The James Webb Space Telescope (JWST) has given us an unprecedented view of the galaxy IC 5332. Located 29 million light-years away, this spiral galaxy was previously observed by the Hubble Space Telescope, but Webb’s infrared view reveals previously unseen details. Caught so far.
Thanks to the Mid-Infrared Instrument (MIRI) aboard JWST, we have this image in unprecedented detail of the galaxy IC 5332, a third smaller than the Milky Way. It is 66,000 light-years in diameter and 29 million light-years from Earth. It is a very special galaxy to observe because it is perfectly face-on with respect to Earth, allowing us to appreciate the symmetrical motion of its spiral arms.
“Space, but keep it Gothic! 🕸️,” Webb’s team said on Twitter. “If this new image from Webb’s Mid-Infrared Instrument (MIRI) looks dark and moody, it’s because things look different than you’re used to in this light. These are the bones of the IC 5332 galaxy, usually obscured by dust.
Space, but get it! 🕸️
If this new image from Webb’s Mid-Infrared Instrument (MIRI) looks dark and moody, that’s because things look different in this light than you’re used to. Here are the “bones” of the galaxy IC 5332, usually obscured by dust: https://t.co/UEENdXZMdk pic.twitter.com/4HYFrgi98j
— NASA Web Telescope (@NASAWebb) September 27, 2022
The image below from the James Webb Telescope shows IC 5332, a spiral galaxy, in unprecedented detail from MIRI observations. This device is the only device carrying a web that is sensitive to the mid-infrared region of the electromagnetic spectrum, all other devices operate in the near-infrared. One of MIRI’s most impressive features is that it operates at an extreme freezing temperature of -266°C, which is only 7°C warmer than absolute zero.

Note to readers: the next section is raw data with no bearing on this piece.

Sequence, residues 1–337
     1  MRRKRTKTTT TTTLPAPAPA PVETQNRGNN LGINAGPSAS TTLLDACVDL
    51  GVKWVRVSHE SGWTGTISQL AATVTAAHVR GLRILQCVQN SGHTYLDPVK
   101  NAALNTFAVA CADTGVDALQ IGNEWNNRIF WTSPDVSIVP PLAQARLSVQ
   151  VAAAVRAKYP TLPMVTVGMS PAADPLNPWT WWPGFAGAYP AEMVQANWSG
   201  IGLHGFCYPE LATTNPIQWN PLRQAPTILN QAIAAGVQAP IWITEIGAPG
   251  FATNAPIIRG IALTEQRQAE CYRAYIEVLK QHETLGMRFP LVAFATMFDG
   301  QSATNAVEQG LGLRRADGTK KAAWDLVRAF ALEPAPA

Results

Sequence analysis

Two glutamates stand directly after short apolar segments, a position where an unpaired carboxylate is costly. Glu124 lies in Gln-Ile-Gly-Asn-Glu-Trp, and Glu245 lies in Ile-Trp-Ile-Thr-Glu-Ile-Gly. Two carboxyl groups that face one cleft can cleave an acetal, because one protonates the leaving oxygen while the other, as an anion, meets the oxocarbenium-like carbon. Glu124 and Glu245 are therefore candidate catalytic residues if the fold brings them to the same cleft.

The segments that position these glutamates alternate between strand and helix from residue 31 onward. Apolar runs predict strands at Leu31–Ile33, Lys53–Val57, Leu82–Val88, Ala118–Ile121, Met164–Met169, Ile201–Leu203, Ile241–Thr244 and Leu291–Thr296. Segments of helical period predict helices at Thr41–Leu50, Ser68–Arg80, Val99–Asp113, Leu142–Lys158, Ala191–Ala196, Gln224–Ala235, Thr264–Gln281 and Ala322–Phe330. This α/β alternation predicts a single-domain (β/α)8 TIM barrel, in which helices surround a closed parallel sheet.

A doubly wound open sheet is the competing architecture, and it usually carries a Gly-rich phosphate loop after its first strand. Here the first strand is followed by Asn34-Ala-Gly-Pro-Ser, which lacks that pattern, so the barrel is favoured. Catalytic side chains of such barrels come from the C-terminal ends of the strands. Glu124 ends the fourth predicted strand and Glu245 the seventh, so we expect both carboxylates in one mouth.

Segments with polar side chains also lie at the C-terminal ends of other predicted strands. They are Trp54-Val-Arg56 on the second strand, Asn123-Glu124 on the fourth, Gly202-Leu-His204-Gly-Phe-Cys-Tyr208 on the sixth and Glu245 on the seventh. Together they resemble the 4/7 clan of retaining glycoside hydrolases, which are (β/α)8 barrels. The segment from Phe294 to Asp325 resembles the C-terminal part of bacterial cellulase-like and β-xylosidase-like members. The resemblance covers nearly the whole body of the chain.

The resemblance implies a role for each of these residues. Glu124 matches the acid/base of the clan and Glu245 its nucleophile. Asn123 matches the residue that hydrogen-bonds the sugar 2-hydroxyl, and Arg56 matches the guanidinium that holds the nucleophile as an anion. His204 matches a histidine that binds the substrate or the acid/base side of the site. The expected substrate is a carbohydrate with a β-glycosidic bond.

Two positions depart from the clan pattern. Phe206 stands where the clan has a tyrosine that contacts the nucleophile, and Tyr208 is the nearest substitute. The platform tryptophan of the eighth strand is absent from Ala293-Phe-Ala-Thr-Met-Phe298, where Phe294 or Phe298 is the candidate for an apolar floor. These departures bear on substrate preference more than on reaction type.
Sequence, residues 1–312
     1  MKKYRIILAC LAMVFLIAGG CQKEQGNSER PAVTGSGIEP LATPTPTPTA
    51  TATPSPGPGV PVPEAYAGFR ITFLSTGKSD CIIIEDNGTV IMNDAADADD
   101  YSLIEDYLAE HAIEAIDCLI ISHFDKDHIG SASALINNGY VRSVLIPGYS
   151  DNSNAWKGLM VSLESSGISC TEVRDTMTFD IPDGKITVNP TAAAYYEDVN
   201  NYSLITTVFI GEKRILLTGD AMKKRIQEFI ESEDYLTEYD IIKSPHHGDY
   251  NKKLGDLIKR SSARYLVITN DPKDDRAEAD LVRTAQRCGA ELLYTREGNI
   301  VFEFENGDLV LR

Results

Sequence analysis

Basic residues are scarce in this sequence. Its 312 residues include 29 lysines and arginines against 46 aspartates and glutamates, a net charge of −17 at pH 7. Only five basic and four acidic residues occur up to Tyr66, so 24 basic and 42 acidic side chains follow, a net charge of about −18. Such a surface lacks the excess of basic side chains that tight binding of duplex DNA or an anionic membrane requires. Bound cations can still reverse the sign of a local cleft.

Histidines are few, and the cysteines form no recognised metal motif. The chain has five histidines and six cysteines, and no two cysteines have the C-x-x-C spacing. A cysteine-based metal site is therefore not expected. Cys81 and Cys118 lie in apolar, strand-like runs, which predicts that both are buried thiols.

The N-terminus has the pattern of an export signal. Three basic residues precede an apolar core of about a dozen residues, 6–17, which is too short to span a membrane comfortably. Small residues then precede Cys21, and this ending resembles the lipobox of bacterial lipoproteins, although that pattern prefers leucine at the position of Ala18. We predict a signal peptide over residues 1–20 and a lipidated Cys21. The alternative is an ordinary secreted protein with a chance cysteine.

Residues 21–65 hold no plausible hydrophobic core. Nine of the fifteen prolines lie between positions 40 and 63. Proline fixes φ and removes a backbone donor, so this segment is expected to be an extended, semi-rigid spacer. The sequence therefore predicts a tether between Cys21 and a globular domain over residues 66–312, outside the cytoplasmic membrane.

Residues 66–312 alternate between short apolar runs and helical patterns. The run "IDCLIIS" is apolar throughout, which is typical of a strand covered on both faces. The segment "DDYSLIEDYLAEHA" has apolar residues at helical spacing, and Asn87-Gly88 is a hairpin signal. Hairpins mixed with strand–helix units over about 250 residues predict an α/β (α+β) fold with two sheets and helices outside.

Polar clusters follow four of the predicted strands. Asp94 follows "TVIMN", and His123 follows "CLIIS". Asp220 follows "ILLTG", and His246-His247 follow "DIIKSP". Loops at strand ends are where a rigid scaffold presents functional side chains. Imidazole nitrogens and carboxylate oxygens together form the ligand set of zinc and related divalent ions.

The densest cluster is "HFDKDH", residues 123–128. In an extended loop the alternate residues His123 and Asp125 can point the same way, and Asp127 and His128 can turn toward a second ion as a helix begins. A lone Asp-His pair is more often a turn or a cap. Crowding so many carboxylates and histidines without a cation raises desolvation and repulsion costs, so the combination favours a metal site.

Below is a view of the same galaxy imaged by the Hubble Space Telescope. The clarity from Hubble’s Wide Field Camera 3 (WFC3) separates the galaxy’s arms from the dark dust clouds between them, which block ultraviolet and visible light that Hubble is sensitive to. For its part, Webb’s image provides a very different view, instead highlighting the patterns of gas scattered throughout the galaxy.
“IC 5332’s symmetrical spiral arms, which are so clearly visible in Hubble’s ultraviolet and visible-light images, are revealed as a complex network of gas that emits infrared light at various temperatures.” Webb’s team explained in a statement. “Harvesting at these wavelengths requires very specialized equipment that is kept at very low temperatures, and MIRI excels at this task.”
In other words, the Hubble image shows dark regions separating the spiral arms, while the Web image shows a continuous tangle of structures that echo the shape of the spiral arms. This difference is due to the presence of dust particles in the galaxy. Ultraviolet and visible light are much more likely to be scattered by interstellar dust than infrared light.
The James Webb Space Telescope, also known as Webb or JWST, is an international program led by NASA with its partners ESA (European Space Agency) and the Canadian Space Agency. Its extreme sensitivity allows it to capture light traveling over 13.5 billion years.
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